After 16 years as a Hailey City Council member, Rick Davis wants to change the way he serves the city.
Davis announced on Friday, Aug. 3, that he will run for the office of mayor in November's city election. Susan McBryant, who has held the city's top post for the last five years, has announced she will vacate the position.
Standing underneath the awning in front of the Hailey Public Library during a sudden summer thunderstorm Friday afternoon, Davis said his goal as mayor would be to help Hailey transition into the business hub of the Wood River Valley.
"There's a misconception that businesses are thriving, when in reality they're struggling," he said.
Davis, who unsuccessfully ran for mayor against Brad Siemer in the 1998 election, said the city has restrictions in place, such as parking and sign ordinances, that make it difficult for businesses to flourish. As an active member and former president of the Ketchum-Sun Valley Rotary Club, Davis has many ties to the local business community and said the city needs to do more to encourage further business development. This includes increasing the products and services offered, thus giving consumers less of a reason to shop outside the valley, as well as providing greater employment opportunities.
Davis said this would help create a vibrant retail atmosphere that would have numerous effects on the city. In 2006, while researching the viability of the local option tax, Davis and City Clerk Heather Dawson found that nearly 40 percent of the 2,527 homes in the city at that time were believed to be second homes. This figure was obtained through the number of homes without a homeowner exemption on filed income taxes.
"We do not want Hailey to become a second-home city," Davis said.
The five-year City Council president added that finding new water sources and obtaining ownership is of critical importance.
"It's a challenge," Davis said of making the potential change from councilman to mayor. "You need to be able to delegate but ... also able to surround yourself with great people."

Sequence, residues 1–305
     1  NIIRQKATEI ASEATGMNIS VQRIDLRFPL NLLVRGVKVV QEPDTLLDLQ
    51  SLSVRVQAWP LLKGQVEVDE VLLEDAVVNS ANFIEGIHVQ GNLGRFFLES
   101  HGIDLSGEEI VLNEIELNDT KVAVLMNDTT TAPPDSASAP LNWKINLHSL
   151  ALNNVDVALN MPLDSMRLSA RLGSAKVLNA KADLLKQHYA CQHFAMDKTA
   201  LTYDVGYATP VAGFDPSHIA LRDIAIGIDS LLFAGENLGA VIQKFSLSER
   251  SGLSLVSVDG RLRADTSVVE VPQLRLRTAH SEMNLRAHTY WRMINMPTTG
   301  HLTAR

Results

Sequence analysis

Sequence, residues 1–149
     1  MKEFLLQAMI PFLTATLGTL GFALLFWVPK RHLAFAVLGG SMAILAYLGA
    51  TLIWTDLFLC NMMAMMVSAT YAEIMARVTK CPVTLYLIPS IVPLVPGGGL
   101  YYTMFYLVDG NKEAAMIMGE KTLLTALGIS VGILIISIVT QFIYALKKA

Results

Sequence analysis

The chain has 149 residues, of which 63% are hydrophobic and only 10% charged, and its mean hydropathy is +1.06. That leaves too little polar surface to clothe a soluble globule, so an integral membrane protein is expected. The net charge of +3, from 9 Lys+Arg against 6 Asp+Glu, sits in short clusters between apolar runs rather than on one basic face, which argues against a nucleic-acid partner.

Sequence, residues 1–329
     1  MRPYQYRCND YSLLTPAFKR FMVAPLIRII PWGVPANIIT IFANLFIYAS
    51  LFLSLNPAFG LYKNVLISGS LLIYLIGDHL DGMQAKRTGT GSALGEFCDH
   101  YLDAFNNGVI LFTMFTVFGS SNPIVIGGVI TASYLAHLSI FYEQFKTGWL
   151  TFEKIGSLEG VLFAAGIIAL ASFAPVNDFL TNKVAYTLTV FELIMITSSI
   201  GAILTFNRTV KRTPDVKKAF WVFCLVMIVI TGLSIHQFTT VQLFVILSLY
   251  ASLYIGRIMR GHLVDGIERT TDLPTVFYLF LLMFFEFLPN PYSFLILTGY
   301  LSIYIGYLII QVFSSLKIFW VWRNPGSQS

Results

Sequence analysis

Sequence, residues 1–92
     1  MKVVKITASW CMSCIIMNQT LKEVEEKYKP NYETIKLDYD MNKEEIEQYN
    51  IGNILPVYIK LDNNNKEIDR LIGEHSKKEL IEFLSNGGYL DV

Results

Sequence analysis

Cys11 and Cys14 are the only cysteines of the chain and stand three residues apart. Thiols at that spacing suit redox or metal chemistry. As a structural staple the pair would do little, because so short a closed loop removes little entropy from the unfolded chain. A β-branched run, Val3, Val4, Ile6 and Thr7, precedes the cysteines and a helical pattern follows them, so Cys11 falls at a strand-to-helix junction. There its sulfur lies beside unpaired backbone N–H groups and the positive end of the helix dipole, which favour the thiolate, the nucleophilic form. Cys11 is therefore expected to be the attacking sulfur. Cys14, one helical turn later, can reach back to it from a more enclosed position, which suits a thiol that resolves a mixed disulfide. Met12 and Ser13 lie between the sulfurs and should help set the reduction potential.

Davis said there could also be better interaction between all of the city governments throughout the valley.
"Regional planning is a great thing," Davis said, touching upon a point that has caused friction for the current mayor, who some critics believe has taken an isolationist stance when it comes to working toward countywide policies.
With no other mayoral candidate announcements yet made, Davis now stands unchallenged. However, he expects he will once again have to answer questions regarding potential conflicts of interest between his public office and his private employment at the Sun Valley Title Co. After accusations arose last year that Davis' position on the City Council gives him an unfair business advantage, Davis has maintained that he has never acted in a way that would betray the trust bestowed him by his constituents.
"It won't be an impediment," Davis said of working in the title industry if elected mayor. "I can recuse myself on land-use issues, just as I do now."
Even without his years on the council, Davis is no stranger to City Hall, having been born in the doctor's office that used to occupy the top floor of the building in 1949. Now Davis plans on walking the streets in a campaign to move into the office a flight of stairs away from his birthplace.
"It was the unexpected support I received (that) put me over the top when I was thinking about running," Davis said. "Ever since I made the decision (on Aug. 2), I've been really excited. I'm actually giddy."